Seminar on "Shari’ah Courts in Malaysia: Major Themes and Development"
Venue: IAIS Malaysia, Kuala Lumpur.
Date: 21 April 2015 (Tuesday)
Time: 10:00am – 12:30pm
1. Professor Dr. Ahmad Hidayat Buang, Lecturer, Dept. of Shari’ah and Law, Academy of Islamic Studies, University of Malaya
2. YAA Dr. Haji Mohd. Na’im Haji Mokhtar, Chief Judge, Department of Shari’ah Judiciary Selangor
Prof. Dr. Ahmad Hidayat Buang is currently a Professor at Shariah and Law Department, Academy of Islamic Studies, University of Malaya, Kuala Lumpur, Malaysia. Studied at University of Malaya and received Bachelor in Shariah (Islamic Law) (first class honours) in 1987. Later, went to London to receive further training at School of Oriental and African Studies, University of London and obtained LL.M in 1989 and PhD in 1996. Area of specialization is Islamic law of transactions and property, and contemporary issues of fatwa and Shariah courts in Malaysia. Has been teaching at the University of Malaya since 1987. Awarded a number of governmental and international research funds. Written and presented more than 30 articles and papers in journals and conference both locally and internationally. Authored and edited six books. Served as consultant and adviser on Shariah matters to several Banks and financial institutions in Malaysia and Singapore. Qualified Shariah Legal Counsel in the Federal Territory Shariah Courts. Appointed as visiting lecturer at Religious Department, Victoria University, Wellington, New Zealand in 2001, awarded as visiting research associate at Oxford Centre for Islamic Studies, UK in 2005, visiting fellow at Institute of Advanced Legal Studies, University of London in 2006 and visiting scholar at the Center for the Study of the Middle East and Muslim Civilizations, University of North Carolina at Chapel Hill, USA. Hold various administrative posts at University of Malaya as Head of Shariah and Law Department 1997-1999, Deputy Director for Research and Development, Academy of Islamic Studies 2005-2006 and Director of Academy of Islamic Studies 2006-2011.
Dr. Hj. Mohd. Na’im Hj. Mokhtar is currently the Chief Syarie Judge of Selangor, Malaysia. Before his elevation to the post of Chief Judge, he had served as the Director of Family Support Division at the Department of Islamic Judiciary Malaysia and a Syariah High Court Judge for the state of Selangor. He was chosen and served as Malaysian Cheavening Visiting Fellow at Oxford Centre for Islamic Studies, Oxford University, United Kingdom for 2008/2009. He has also been appointed as Visiting Fellow at Harvard Law School, Harvard University, USA for 2012/103. Apart from these, Dr. Mohd Na’im has been appointed as External Examiner for PhD candidates of International Islamic University, MARA University Technology (UITM) and National University of Malaysia(UKM). He has also been appointed as Adjunct Professor by the Law Faculty of University Technology Mara (UITM). He is also a committee member of Malaysian Qualifying Agency (MQA) and a member of National Islamic Council of Malaysia.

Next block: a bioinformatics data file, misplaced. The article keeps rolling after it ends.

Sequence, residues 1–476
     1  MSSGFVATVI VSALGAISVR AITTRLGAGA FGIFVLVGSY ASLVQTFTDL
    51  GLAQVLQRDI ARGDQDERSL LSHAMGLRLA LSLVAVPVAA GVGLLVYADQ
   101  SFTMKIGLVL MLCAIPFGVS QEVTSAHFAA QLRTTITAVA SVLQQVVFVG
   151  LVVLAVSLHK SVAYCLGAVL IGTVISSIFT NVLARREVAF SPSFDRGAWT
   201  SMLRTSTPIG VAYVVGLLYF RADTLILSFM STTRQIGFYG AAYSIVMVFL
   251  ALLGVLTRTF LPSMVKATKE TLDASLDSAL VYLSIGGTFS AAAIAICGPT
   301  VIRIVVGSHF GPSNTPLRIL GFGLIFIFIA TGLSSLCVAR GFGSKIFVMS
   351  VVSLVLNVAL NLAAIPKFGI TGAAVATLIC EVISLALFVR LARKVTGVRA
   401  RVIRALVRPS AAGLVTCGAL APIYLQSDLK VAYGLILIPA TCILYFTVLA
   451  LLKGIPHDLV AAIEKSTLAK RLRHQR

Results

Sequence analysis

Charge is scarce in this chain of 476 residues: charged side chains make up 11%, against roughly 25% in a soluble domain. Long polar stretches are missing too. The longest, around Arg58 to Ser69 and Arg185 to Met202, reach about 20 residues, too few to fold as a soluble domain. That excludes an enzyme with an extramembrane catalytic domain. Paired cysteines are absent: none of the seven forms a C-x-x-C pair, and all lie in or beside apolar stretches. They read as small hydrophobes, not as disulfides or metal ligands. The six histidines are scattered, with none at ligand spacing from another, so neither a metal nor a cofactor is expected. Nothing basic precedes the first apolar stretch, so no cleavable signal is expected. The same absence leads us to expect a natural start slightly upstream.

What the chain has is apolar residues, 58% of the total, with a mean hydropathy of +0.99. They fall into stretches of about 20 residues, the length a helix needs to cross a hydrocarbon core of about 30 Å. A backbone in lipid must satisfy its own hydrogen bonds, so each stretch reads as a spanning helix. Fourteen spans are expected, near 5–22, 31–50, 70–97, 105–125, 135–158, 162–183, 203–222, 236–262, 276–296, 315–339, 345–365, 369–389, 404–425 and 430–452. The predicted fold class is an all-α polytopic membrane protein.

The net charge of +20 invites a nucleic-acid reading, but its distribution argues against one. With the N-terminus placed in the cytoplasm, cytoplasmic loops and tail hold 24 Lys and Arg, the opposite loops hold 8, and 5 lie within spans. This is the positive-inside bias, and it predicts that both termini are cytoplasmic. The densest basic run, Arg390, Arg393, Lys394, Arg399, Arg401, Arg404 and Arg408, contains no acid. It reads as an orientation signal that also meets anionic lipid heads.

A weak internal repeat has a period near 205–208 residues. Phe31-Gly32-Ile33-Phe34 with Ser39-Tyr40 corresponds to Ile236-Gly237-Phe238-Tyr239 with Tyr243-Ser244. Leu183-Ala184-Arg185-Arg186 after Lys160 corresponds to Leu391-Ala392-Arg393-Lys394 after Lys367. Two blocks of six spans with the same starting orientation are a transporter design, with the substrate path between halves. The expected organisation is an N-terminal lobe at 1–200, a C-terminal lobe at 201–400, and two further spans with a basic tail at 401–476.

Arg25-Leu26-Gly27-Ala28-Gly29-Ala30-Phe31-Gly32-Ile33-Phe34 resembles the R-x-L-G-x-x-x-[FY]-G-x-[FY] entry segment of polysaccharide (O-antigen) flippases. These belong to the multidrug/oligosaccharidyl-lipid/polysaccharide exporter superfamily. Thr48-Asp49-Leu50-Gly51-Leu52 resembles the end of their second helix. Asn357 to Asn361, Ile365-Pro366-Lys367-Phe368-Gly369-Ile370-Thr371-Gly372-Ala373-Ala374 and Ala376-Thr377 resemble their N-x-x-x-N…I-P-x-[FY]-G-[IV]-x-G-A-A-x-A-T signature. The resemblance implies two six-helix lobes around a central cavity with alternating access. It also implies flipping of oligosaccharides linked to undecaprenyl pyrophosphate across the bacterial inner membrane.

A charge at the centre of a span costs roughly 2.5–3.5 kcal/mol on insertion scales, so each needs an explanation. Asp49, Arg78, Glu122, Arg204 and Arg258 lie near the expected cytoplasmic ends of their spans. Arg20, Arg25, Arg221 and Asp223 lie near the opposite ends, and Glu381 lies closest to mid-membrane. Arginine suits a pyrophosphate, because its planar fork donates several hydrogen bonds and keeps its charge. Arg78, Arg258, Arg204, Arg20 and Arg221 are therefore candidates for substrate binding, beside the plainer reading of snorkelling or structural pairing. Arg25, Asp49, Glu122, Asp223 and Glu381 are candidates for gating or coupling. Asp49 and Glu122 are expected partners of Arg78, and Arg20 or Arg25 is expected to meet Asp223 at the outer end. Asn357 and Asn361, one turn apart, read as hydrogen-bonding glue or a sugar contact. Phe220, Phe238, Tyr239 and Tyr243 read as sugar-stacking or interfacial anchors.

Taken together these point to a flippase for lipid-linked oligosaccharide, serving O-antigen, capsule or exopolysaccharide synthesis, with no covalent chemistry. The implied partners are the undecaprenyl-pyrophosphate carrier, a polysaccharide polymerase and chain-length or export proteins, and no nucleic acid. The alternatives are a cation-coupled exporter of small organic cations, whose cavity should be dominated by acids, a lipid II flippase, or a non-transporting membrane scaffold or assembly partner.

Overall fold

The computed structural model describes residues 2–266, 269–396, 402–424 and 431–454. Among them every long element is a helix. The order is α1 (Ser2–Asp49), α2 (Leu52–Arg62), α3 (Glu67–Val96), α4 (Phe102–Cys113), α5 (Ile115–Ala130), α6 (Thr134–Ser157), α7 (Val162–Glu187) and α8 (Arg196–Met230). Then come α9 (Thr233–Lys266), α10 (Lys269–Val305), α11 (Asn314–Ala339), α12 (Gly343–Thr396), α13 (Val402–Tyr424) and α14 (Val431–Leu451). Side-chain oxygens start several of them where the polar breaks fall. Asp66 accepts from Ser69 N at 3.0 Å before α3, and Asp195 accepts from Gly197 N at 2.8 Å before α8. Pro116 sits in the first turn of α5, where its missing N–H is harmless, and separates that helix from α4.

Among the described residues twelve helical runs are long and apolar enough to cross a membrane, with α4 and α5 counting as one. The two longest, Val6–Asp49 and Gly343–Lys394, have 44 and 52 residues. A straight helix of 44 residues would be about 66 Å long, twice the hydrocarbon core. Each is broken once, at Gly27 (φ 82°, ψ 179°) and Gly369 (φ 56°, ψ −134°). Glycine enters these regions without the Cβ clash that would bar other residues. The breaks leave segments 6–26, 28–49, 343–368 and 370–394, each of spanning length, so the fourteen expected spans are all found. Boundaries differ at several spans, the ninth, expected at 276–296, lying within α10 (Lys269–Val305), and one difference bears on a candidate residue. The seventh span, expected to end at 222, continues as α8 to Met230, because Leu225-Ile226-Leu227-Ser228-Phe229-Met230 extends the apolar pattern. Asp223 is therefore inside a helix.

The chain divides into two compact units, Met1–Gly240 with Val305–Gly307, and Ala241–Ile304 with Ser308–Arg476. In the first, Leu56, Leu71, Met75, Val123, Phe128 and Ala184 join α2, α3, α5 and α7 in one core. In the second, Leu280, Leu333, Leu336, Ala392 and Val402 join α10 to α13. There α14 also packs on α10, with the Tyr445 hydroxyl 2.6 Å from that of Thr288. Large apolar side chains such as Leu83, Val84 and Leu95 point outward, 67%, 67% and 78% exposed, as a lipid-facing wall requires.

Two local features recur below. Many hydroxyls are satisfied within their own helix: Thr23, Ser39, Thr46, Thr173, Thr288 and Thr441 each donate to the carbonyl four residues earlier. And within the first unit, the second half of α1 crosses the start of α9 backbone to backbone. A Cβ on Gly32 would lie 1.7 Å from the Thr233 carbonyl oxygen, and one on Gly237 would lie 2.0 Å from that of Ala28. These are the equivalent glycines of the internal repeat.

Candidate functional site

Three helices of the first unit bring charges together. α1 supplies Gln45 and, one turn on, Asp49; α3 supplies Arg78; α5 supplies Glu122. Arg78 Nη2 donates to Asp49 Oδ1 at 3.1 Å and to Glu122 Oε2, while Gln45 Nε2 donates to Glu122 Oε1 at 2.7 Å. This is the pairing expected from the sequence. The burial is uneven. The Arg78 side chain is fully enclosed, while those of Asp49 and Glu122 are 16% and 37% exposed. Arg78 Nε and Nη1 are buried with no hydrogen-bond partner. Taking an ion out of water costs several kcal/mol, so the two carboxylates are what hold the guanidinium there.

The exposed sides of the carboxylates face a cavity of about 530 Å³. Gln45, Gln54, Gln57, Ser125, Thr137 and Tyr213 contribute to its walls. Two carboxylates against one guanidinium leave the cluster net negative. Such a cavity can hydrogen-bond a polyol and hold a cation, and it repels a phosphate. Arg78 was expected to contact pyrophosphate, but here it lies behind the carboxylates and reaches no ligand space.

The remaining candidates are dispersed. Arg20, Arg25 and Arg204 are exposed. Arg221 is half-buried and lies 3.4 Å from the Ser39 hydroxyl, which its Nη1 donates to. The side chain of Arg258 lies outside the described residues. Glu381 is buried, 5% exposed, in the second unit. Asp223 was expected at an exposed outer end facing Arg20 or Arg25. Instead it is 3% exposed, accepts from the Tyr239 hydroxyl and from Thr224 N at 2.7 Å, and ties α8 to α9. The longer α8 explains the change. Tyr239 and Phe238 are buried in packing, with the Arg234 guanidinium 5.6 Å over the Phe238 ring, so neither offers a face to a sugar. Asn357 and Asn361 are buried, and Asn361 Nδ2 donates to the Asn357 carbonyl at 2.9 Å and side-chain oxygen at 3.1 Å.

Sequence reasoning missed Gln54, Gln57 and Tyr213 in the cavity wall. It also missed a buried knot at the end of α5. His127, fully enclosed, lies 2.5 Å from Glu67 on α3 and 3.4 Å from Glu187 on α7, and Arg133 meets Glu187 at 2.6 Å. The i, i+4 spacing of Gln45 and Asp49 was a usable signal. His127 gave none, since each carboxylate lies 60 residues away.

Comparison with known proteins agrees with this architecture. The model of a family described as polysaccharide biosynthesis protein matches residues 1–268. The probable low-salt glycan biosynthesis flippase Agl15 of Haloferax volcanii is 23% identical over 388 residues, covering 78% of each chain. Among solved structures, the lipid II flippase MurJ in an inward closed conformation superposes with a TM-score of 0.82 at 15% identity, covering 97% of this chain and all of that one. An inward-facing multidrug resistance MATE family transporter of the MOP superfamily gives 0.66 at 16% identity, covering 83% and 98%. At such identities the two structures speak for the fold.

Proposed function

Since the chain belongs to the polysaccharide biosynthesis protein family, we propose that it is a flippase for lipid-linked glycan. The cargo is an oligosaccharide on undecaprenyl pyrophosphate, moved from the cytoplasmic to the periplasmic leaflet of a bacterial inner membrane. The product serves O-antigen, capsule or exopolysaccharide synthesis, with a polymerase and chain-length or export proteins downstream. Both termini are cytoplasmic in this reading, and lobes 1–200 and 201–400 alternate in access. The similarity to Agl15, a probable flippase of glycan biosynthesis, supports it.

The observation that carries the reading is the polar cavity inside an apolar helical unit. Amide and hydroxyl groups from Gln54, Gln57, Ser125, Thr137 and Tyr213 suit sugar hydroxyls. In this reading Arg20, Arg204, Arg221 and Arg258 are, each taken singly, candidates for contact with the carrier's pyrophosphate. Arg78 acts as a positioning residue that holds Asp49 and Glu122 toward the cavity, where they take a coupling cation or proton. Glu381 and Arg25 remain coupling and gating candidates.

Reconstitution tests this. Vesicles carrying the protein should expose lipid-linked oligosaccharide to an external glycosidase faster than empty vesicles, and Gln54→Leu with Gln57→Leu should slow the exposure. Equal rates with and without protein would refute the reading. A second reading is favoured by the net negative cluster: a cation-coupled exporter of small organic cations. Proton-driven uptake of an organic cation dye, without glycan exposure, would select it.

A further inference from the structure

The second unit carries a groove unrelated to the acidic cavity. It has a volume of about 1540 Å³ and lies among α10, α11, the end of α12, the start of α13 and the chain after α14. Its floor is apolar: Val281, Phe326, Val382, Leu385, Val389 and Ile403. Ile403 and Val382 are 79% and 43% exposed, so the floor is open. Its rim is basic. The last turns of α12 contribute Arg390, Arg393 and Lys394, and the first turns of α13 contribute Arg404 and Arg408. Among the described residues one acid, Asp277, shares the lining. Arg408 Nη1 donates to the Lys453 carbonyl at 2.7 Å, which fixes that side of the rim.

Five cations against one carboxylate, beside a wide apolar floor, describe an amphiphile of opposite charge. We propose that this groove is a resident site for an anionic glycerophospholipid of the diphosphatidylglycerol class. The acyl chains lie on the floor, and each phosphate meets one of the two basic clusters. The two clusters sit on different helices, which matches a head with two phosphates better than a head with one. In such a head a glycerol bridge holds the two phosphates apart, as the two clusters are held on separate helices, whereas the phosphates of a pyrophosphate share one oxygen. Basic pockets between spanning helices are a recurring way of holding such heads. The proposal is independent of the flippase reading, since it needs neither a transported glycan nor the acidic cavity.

Dr Na’im has participated in many local and international seminars on his subject areas of specialization. He had also presented papers on family laws, shariah subjects and related topics at many conferences local as well as overseas forums. Dr Na’im also sits on a number of Shariah Advisory Boards of local and foreign Islamic banks and takaful companies. He has good command of Malay, English and Arabic language.
Ahmad Hidayat Buang explored the historical development of and current issues pertaining to Shariah courts in Malaysia, to examine whether or not the courts have indeed undergone transformation over the years. For a start, the courts have indeed undergone reform, from their original constitution set-up until the constitutional amendment of 1988 which introduced the now controversial Article 121 (1A) which excludes the High Court from any jurisdiction on matters falling within the ambit of Shariah courts. So yes, there has been transformation but it is not so “radical” as the legal dualism of Shariah and civil law is still retained within the legitimate structure established by the Federal Constitution. Still, the Shariah courts themselves are moving closer towards “civilianization”, i.e. gradually becoming like the civil courts.
Political controversies aside, the Shariah courts do offer promising features lacking in civil courts. One of these was presented as a case study by Dr Naim, namely on the role of the Family Support Division (BSK) under the Shariah courts in enforcing and implementing court order requiring former husbands to pay maintenance to their ex-wives and children. The BSK was established as response to the startling finding that as many as 12,300 former husbands have neglected this basic responsibility, even after the ex-wives have obtained court order to that effect, no thanks to the previous lack of enforcement mechanism. Consequently, the court relied on Caliph ‘Umar al-Khattab’s dictum that “an order is useless if it cannot be enforced” to figure out means by which the court order is complied with. And the result is even more promising: nearly 60% of the husbands paid up. One was even able to fork out a whopping RM100,000 in cash for all the arrears. [by Tengku Ahmad Hazri]
10:00am – 10:05am Opening Remarks by the Moderator and Chair, Assoc. Prof. Dr. Mohamed Azam Mohamed Adil Deputy CEO, IAIS Malaysia
10:05am – 10:10am Welcoming Remarks by Prof. Dr. Mohammad Hashim Kamali, Founding CEO, IAIS Malaysia
10:10am – 10:50am Presentation by Professor Dr. Ahmad Hidayat Buang "Transformation of Shari’ah Courts in Malaysia: Issues and Developments"
11:30am – 12:30pm Q&A Session
12:30pm - Concluding Remarks by Moderator; Adjournment and Refreshments
Download PowerPoint Presentations (in PDF format)